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Droplet Combustion Experiments Aboard the International Space Station

Published on Oct 1, 2014in Microgravity Science and Technology1.97
· DOI :10.1007/s12217-014-9372-2
Daniel L. Dietrich13
Estimated H-index: 13
(Glenn Research Center),
Vedha Nayagam4
Estimated H-index: 4
(Case Western Reserve University)
+ 9 AuthorsForman A. Williams48
Estimated H-index: 48
(UCSD: University of California, San Diego)
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Abstract
This paper summarizes the first results from isolated droplet combustion experiments performed on the International Space Station (ISS). The long durations of microgravity provided in the ISS enable the measurement of droplet and flame histories over an unprecedented range of conditions. The first experiments were with heptane and methanol as fuels, initial droplet droplet diameters between 1.5 and 5.0 m m, ambient oxygen mole fractions between 0.1 and 0.4, ambient pressures between 0.7 and 3.0 a t m and ambient environments containing oxygen and nitrogen diluted with both carbon dioxide and helium. The experiments show both radiative and diffusive extinction. For both fuels, the flames exhibited pre-extinction flame oscillations during radiative extinction with a frequency of approximately 1 H z. The results revealed that as the ambient oxygen mole fraction was reduced, the diffusive-extinction droplet diameter increased and the radiative-extinction droplet diameter decreased. In between these two limiting extinction conditions, quasi-steady combustion was observed. Another important measurement that is related to spacecraft fire safety is the limiting oxygen index (LOI), the oxygen concentration below which quasi-steady combustion cannot be supported. This is also the ambient oxygen mole fraction for which the radiative and diffusive extinction diameters become equal. For oxygen/nitrogen mixtures, the LOI is 0.12 and 0.15 for methanol and heptane, respectively. The LOI increases to approximately 0.14 (0.14 O 2/0.56 N 2/0.30 C O 2) and 0.17 (0.17 O 2/0.63 N 2/0.20 C O 2) for methanol and heptane, respectively, for ambient environments that simulated dispersing an inert-gas suppressant (carbon dioxide) into a nominally air (1.0 a t m) ambient environment. The LOI is approximately 0.14 and 0.15 for methanol and heptane, respectively, when helium is dispersed into air at 1 atm. The experiments also showed unique burning behavior for large heptane droplets. After the visible hot flame radiatively extinguished around a large heptane droplet, the droplet continued to burn with a cool flame. This phenomena was observed repeatably over a wide range of ambient conditions. These cool flames were invisible to the experiment imaging system but their behavior was inferred by the sustained quasi-steady burning after visible flame extinction. Verification of this new burning regime was established by both theoretical and numerical analysis of the experimental results. These innovative experiments have provided a wealth of new data for improving the understanding of droplet combustion and related aspects of fire safety, as well as offering important measurements that can be used to test sophisticated evolving computational models and theories of droplet combustion.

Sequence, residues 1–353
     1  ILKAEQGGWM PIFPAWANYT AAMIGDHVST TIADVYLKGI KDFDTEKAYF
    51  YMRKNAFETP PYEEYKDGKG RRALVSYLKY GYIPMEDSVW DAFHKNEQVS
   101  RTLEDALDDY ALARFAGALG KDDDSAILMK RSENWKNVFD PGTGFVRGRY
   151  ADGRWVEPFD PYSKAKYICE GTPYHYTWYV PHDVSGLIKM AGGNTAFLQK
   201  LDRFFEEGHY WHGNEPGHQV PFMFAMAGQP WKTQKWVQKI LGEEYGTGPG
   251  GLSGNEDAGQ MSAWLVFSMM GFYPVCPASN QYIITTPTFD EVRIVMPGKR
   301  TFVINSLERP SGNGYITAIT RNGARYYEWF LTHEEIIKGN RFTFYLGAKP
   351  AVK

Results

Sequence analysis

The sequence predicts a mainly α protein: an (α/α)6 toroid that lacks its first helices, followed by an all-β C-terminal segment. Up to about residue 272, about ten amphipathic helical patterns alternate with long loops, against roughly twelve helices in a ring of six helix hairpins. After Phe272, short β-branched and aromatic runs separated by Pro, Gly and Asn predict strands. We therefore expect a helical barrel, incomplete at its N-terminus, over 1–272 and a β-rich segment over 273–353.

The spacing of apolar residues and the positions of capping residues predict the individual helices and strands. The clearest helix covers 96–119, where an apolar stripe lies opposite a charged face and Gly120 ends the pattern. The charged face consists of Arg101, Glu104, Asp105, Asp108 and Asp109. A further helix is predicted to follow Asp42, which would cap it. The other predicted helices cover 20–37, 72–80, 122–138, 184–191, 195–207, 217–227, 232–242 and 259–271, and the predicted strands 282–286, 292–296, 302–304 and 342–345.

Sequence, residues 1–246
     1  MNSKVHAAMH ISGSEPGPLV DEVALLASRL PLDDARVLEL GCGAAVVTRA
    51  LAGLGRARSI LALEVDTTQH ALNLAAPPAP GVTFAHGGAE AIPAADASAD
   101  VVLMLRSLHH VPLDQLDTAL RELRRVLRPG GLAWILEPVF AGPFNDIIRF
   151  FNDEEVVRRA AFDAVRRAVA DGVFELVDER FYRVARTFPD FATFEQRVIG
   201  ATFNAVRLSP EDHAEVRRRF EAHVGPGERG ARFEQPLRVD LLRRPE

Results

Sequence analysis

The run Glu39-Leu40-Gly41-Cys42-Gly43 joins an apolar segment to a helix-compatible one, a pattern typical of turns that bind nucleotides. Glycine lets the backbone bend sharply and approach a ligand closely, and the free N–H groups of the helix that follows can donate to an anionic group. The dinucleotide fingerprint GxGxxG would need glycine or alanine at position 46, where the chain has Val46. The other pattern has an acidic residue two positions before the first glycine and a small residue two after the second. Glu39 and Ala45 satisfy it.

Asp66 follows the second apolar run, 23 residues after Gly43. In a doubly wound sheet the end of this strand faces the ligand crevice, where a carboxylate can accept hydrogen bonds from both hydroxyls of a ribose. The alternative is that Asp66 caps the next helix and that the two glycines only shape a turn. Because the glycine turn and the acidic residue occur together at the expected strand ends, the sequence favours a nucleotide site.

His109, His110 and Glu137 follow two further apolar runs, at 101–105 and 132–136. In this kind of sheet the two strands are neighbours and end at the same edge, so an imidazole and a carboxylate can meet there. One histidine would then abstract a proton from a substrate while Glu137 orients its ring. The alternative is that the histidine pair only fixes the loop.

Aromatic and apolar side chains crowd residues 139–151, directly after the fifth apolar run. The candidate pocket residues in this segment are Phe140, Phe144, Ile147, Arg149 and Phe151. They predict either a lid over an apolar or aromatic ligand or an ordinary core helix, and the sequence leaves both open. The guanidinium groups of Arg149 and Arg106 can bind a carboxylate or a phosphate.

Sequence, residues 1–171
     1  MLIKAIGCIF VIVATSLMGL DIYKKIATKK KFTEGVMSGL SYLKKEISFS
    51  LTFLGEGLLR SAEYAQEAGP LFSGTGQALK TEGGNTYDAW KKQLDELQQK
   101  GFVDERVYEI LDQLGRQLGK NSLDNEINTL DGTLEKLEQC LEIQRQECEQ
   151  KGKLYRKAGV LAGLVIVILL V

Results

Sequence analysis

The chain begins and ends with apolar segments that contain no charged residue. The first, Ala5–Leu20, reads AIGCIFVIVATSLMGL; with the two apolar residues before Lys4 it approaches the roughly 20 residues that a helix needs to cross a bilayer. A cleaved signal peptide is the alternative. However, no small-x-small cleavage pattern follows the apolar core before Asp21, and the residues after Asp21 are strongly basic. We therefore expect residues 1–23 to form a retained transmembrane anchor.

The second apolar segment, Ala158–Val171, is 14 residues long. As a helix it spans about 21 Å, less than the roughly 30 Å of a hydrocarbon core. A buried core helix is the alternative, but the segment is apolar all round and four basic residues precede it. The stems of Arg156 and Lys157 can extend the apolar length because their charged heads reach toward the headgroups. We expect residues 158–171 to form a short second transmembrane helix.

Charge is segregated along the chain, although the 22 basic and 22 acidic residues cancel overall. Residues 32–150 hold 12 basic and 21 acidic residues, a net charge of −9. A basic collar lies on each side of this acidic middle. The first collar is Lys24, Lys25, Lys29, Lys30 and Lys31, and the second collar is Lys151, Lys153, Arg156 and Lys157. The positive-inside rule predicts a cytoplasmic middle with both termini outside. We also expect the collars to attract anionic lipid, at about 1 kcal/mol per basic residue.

• References (27)
  • Citations (30)
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References27
Newest
#1Vedha NayagamH-Index: 13
#2Daniel L. Dietrich (Glenn Research Center)H-Index: 13
Last.Forman A. Williams (UCSD: University of California, San Diego)H-Index: 48
view all 5 authors...
#1Christopher Dembia (Cornell University)H-Index: 6
#2Yu Cheng Liu (Cornell University)H-Index: 10
Last.C. Thomas Avedisian (Cornell University)H-Index: 14
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#1Yiguang Ju (Princeton University)H-Index: 54
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#1V. V. Tyurenkova (RAS: Russian Academy of Sciences)H-Index: 8
#2V.V. Tyurenkova (RAS: Russian Academy of Sciences)
#1Forman A. Williams (UCSD: University of California, San Diego)H-Index: 48
#2Vedha Nayagam (Case Western Reserve University)H-Index: 13
Last.Vedha Nayagam (Case Western Reserve University)H-Index: 4
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#1Masato Mikami (Yamaguchi University)H-Index: 14
#2Yasuko Yoshida (Yamaguchi University)H-Index: 1
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#1Fahd E. Alam (USC: University of South Carolina)H-Index: 4
#2Ali Charchi Aghdam (USC: University of South Carolina)
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#1Tanvir Farouk (USC: University of South Carolina)H-Index: 17
#2Daniel L. Dietrich (Glenn Research Center)H-Index: 13
Last.Frederick L. Dryer (Princeton University)H-Index: 66
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#1C. L. Vang (UC Davis: University of California, Davis)
#2B. D. Shaw (UC Davis: University of California, Davis)
#1Changxiao Shao (ZJU: Zhejiang University)H-Index: 4
#2LUOKun (ZJU: Zhejiang University)H-Index: 23
Last.Jianren Fan (ZJU: Zhejiang University)H-Index: 27
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#1Vedha Nayagam (Case Western Reserve University)H-Index: 13
#2Vedha Nayagam (Case Western Reserve University)H-Index: 4
Last.Forman A. Williams (UCSD: University of California, San Diego)H-Index: 48
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View next paperIsolated n-heptane droplet combustion in microgravity: “Cool Flames” – Two-stage combustion